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What you can and cannot do with an investigation report

February 23, 2024

Workplace investigation reports play an important role in addressing harassment and discrimination at work.

Under the OHSA, employers must investigate incidents of workplace harassment. Best practices include preparing an investigation report. A report can show that an employer fulfilled its OHSA obligations.

While the Ontario Human Rights Code doesn’t obligate a duty to investigate like the OHSA, human rights case law has decided that a proper investigation is part of an employer’s duty to provide a discrimination-free workplace. Failing to investigate can weaken an employer’s defence in human rights claims. And a report can help prove that you’ve investigated properly.

An investigation report can also help to:

  • Create a paper trail: A strong report can help defend against legal claims about employer fairness and process, and can provide transparency into decisions about discipline, termination and corrective action.
  • Mitigate risk: A report can help employers identify and address issues like discrimination or harassment before they escalate to litigation or permeate the organization.

But beware of using investigation reports as evidence in court or at a hearing. As valuable as reports are, they can’t replace witness and other evidence to defend, for example, a wrongful termination claim.

The Public Service Grievance Board case of Dunscombe v The Crown in Right of Ontario (Ministry of the Solicitor General) (PSG# P-2017-1547) shows that an investigation report is not proof of the underlying facts of the case. The report is still valuable because it offers the basis for an employer’s discipline or termination decision. It helps show that the employer did its due diligence and that the reasons given for the decision were genuine. But in deciding whether discipline or termination was justified, the Board also needed to determine the underlying facts of the incident being investigated. And when trying to figure out what really happened in that incident, the Board relied on the evidence presented during the hearing rather than the findings of the investigation report.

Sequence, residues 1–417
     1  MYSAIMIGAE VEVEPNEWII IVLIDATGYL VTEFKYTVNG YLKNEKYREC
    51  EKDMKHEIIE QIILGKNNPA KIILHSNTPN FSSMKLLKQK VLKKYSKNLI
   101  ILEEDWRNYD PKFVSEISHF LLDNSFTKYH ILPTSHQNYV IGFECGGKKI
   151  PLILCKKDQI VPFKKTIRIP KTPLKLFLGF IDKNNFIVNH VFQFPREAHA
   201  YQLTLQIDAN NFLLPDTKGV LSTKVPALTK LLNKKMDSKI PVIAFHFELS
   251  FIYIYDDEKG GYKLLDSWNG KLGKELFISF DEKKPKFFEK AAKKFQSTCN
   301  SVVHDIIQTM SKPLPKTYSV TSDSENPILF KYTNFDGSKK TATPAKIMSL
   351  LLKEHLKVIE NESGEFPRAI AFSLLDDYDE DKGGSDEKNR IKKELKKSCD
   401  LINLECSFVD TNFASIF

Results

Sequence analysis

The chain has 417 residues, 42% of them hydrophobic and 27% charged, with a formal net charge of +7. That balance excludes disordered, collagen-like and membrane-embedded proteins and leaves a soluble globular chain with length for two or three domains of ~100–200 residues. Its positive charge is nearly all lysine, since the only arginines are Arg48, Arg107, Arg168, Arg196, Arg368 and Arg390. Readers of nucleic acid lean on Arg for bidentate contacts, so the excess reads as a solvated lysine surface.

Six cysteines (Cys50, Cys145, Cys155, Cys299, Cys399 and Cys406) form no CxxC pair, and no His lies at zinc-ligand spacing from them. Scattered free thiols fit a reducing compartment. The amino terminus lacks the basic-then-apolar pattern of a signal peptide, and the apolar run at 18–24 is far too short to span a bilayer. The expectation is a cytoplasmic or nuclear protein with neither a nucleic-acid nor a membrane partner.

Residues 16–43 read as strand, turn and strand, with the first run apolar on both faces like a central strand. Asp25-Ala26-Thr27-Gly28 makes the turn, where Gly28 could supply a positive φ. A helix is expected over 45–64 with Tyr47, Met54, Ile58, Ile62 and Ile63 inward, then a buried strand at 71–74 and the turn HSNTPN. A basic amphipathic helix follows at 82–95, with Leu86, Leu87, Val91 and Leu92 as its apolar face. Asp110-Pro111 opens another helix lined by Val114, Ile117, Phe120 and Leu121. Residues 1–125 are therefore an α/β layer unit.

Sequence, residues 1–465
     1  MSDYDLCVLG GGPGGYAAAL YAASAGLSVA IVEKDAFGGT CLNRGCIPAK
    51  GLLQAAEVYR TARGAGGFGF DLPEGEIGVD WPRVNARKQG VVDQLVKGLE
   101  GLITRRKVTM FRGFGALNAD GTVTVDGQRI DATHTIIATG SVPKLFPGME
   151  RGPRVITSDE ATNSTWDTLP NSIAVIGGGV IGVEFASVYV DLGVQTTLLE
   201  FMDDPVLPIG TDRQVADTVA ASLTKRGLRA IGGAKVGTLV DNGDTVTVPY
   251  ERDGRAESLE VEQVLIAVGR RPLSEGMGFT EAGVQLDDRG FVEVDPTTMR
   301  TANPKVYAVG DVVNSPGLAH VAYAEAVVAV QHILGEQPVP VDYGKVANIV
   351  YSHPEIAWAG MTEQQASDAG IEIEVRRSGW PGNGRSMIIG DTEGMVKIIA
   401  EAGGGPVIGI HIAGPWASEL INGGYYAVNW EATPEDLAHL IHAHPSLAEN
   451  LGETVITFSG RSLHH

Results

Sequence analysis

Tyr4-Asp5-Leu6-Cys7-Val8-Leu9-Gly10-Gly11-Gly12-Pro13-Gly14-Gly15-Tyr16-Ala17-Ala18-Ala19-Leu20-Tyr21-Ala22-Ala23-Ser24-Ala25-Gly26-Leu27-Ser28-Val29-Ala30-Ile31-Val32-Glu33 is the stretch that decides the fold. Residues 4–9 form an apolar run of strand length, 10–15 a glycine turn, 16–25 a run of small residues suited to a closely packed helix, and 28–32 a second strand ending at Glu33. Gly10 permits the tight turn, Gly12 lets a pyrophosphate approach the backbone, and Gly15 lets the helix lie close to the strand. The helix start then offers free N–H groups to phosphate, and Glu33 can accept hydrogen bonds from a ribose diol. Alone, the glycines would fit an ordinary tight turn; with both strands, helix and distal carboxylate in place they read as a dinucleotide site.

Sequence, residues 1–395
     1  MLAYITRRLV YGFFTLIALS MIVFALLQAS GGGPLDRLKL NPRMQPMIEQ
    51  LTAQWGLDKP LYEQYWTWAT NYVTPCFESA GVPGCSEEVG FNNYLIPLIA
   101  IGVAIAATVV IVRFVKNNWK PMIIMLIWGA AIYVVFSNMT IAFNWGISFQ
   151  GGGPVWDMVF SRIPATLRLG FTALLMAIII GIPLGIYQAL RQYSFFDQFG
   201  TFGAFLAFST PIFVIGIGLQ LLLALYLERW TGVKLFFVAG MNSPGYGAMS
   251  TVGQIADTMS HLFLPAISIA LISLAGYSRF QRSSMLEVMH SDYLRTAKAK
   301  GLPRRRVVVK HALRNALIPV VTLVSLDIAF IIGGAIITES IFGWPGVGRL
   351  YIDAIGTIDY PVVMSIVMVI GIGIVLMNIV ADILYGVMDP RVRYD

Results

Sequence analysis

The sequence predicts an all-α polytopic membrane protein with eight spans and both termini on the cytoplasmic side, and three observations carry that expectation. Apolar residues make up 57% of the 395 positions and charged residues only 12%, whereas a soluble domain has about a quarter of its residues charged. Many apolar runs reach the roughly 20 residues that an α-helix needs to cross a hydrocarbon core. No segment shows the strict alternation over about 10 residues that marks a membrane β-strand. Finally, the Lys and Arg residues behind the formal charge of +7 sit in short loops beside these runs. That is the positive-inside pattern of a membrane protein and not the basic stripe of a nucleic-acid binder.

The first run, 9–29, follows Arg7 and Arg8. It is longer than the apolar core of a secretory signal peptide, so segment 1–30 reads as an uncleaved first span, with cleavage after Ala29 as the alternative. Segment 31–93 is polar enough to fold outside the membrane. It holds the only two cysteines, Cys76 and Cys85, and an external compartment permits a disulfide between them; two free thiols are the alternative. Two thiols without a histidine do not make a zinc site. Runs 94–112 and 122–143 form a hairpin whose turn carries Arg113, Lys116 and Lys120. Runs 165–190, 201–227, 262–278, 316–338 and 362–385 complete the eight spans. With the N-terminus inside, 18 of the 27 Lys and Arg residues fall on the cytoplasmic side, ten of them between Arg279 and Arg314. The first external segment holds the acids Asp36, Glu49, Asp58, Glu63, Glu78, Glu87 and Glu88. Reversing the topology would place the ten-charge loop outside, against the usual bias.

That said, investigation reports can be helpful to employers defending claims in court or at a hearing. Investigators do much of what judges and adjudicators do: they listen to witnesses, assess credibility and decide on issues. Investigation reports can provide employers an idea of how strong their case is. Investigators typically come to findings based on a balance of probabilities, which is the same burden of proof used in civil courts and most tribunals.

At court or a tribunal, investigation reports can provide insights into which witnesses should be relied on, and the strengths and weaknesses of the employer’s defences. The investigation report, and particularly the investigator’s statements of witnesses, may provide the basis to impeach the credibility of witnesses who change their testimony.  

Workplace investigations are integral to maintaining a safe and compliant work environment. Provided they are done and used appropriately, investigation reports are valuable tools for employers before and at a trial or hearing. But employers should also be aware of the limitations of reports, and be prepared to call witnesses to prove the underlying facts their case depends on.